The biggest ecological issue on the SAFER Islands is the presence of introduced mammals: rats, mice, and rabbits. Rats have been present on Bense and Little Bense islands since the 1800’s when whaling ships frequented the neighbouring harbour. European rabbits were also introduced at this time and later farming practices have seen sheep, cattle, and horses in residence. The last of the ungulates were removed in 1985, and South American sea lions are the only native mammals present.
Rats are excellent generalist predators and their presence on an island precludes the survival of bird species like tussac birds and Cobb’s wrens. Mice are thought to compete with native birds for food, as both eat insects and other invertebrates. Rabbits graze native vegetation, causing erosion and hindering natural regrowth.
Index trapping was conducted on Bense Island to better understand the basic ecology of the rodents there. We sampled in the two main vegetation types: coastal tussock grass and interior heath. Mice were regularly found in both habitats but rats were overwhelmingly restricted to the coastal tussock areas. Only 3 rats were found in the interior heath (from 1077 trap-nights), whereas 82 rats were caught in coastal tussock areas (from 1612 trap-nights).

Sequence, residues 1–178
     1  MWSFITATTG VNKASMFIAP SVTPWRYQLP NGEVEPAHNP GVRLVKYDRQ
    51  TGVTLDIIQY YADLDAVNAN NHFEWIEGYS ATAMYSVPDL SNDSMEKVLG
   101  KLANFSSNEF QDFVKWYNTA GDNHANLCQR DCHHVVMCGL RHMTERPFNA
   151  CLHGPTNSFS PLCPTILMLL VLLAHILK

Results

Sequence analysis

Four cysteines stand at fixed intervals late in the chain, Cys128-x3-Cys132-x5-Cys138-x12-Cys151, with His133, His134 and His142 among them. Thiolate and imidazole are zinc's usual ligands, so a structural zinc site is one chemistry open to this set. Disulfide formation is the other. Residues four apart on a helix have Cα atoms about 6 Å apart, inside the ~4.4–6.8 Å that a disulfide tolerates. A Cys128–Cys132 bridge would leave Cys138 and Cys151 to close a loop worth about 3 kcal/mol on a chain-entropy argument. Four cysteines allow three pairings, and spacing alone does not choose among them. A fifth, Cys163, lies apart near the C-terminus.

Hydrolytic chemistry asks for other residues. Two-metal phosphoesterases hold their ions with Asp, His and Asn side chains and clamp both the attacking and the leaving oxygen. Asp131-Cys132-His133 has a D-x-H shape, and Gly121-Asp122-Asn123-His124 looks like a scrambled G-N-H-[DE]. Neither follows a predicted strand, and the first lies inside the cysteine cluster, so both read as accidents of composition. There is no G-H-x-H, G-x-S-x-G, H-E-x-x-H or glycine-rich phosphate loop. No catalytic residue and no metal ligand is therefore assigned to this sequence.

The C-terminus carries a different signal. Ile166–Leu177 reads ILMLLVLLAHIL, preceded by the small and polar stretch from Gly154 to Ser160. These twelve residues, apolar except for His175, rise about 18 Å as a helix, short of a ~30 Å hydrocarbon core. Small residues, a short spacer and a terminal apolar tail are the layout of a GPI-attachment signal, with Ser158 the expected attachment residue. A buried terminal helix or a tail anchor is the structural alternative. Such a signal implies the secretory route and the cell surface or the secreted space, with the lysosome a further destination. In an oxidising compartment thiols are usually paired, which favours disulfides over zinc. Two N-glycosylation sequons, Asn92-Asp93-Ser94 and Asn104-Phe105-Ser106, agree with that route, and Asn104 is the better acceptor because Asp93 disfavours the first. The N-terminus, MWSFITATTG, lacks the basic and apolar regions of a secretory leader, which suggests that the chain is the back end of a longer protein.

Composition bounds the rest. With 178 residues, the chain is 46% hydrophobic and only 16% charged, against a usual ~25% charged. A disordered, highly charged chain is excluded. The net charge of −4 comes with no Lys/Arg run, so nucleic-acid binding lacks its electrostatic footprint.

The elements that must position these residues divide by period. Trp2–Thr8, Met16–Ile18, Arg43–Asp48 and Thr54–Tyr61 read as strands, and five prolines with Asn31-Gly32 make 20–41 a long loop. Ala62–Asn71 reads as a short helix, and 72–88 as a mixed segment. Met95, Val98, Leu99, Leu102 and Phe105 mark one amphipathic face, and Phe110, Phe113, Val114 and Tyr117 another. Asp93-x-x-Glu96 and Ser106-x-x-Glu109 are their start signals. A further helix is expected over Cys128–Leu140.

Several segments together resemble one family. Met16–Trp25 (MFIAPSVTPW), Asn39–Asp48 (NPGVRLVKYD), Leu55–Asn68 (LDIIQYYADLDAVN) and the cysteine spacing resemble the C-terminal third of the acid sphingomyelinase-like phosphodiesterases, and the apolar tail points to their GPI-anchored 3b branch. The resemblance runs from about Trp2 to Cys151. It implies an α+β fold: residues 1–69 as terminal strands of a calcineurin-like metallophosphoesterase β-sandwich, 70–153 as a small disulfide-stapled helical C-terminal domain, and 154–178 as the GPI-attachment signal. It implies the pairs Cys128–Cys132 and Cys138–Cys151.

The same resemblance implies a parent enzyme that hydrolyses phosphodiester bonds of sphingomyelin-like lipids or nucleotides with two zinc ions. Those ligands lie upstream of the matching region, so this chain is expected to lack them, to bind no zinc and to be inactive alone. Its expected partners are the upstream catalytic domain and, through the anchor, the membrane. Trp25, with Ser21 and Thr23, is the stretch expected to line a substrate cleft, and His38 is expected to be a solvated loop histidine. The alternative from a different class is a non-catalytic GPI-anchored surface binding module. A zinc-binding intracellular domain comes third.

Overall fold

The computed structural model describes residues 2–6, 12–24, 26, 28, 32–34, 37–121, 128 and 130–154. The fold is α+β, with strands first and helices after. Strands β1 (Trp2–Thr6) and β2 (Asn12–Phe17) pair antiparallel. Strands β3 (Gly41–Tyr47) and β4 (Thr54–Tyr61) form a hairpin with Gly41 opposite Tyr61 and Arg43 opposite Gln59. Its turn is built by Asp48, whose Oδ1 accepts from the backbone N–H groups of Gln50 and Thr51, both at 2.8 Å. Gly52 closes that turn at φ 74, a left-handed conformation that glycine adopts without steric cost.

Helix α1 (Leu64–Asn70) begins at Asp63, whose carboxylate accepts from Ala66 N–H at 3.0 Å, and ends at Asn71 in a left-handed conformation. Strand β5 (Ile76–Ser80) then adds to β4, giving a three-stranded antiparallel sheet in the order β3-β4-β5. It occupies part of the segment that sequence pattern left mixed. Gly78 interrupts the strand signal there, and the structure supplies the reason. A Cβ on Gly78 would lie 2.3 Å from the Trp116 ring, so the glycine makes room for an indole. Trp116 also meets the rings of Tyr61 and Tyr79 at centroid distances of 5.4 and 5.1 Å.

Rodent Research | View Gallery
Since these pest species are the biggest hindrance to healthy ecosystems on the island, it stands to reason that eradicating them is the single most important thing we can do to restore the islands to prime wildlife habitat.